Remedial conductor annulus cementing, South Arne field
Annular cementing challenges – overcome by Claxton project engineering team.
A study on the South Arne field in the Danish North Sea investigated the causes and implications of conductor slippage in the field. The report recommended remedial cementing on two wells (SA-3 and SA-5) to “provide the best chance for saving the well in the future”. The cement tops in the selected wells within the 30- × 1133/8-in.annulus were below the 30-in shoe.
Consequently, remedial cementing operations would aim to
- squeeze cement into the void spaces and the formation around the 30-in. shoe to improve integrity
- fill the 30- × 133/8-in. annulus of the wells with cement to prevent overload damage to the 133/8-in. casing in the event of the 30-in. casing losing support to the point of slippage.
To achieve these objectives, it was essential to be able to pump cement down the 30- × 133/8-in. annulus on each well. However, the well construction did not offer an easy method of achieving these objectives, as the annulus was open to the sea at the mudline. This meant that the cement could not be pumped down the annulus without first sealing it at the seabed, as the cement would tend to return up the open annulus, rather than going to the desired location.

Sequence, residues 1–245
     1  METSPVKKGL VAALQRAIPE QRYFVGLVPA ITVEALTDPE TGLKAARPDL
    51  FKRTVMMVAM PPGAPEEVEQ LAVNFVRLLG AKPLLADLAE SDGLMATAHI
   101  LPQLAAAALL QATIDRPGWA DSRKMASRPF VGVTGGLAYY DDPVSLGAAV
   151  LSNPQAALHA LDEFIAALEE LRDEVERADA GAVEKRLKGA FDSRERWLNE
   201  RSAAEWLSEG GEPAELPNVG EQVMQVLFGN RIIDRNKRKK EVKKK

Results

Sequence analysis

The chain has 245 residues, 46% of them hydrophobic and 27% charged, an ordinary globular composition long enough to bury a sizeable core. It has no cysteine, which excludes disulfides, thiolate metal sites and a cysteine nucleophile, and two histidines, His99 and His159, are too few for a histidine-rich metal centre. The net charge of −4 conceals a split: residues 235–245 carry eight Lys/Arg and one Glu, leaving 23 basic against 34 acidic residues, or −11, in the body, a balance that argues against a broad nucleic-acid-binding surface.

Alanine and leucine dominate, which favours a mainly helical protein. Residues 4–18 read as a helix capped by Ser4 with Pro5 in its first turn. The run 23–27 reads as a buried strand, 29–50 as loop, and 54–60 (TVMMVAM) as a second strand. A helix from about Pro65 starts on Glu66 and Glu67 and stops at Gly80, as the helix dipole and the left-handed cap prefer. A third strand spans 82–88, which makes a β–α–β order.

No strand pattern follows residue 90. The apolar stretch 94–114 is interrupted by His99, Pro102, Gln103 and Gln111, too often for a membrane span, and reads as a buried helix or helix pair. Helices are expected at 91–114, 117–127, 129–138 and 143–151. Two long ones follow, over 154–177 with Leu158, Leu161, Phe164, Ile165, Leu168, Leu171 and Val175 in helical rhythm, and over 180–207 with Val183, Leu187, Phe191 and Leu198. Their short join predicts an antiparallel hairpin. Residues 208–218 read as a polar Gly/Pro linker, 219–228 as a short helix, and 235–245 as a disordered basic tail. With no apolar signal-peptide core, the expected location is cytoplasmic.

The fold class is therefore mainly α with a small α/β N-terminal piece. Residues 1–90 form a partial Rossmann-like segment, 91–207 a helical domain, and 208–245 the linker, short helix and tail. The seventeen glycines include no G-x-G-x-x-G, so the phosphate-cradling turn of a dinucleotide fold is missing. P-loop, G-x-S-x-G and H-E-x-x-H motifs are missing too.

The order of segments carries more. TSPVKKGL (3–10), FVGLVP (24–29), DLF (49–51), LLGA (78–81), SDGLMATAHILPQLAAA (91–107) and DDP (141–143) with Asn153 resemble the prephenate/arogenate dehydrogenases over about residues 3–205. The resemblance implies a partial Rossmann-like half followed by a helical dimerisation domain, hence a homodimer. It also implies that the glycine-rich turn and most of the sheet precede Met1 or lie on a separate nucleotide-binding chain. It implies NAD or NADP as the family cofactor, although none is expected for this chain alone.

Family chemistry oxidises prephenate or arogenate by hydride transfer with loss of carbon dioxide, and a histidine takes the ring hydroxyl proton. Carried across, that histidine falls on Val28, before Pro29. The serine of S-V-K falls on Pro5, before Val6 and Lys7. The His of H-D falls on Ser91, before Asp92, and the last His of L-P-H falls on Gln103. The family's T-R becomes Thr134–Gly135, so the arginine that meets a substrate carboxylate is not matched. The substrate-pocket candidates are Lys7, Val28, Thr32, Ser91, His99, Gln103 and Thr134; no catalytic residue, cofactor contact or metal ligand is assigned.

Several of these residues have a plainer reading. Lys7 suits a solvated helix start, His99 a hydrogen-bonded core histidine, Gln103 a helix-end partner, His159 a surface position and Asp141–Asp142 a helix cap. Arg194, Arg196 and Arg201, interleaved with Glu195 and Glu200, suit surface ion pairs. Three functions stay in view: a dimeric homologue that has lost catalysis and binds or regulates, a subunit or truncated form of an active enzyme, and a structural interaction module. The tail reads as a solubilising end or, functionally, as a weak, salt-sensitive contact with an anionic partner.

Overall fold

The key piece of equipment for the remedial cementing operations to take place was a Claxton-designed annular sealing unit, which enabled the annulus to be pressurised and prevented the upward cement flow.
In addition to having a seal at the seabed, the annulus was also sealed at the surface between the 20-in. tieback string and the 133/8-in. string. With the annulus sealed, cement could be injected through the annular sealing unit subsea.
For well SA-3, 27 bbl of cement was pumped, which completely filled the annulus. For Well SA-5, 100 bbl of cement slurry was pumped and displaced with 100 bbl of sea water to ensure a good cement bond around the shoe of the conductor.
The cement job was deemed a success and further cementing operations on SA-5 were unnecessary. Cementing of wells SA-1, SA-2 and SA-4 was carried out in one run. Each was topped up with 7–9 bbl of cement.
All aspects of the project were carried out highly satisfactorily. The cement top-up project had excellent health, safety and environmental performance and was completed on schedule without any accidents or incidents.
Claxton has a world-class in-house design and project engineering team that enables its clients to access technically robust solutions for challenging issues and be sure of success.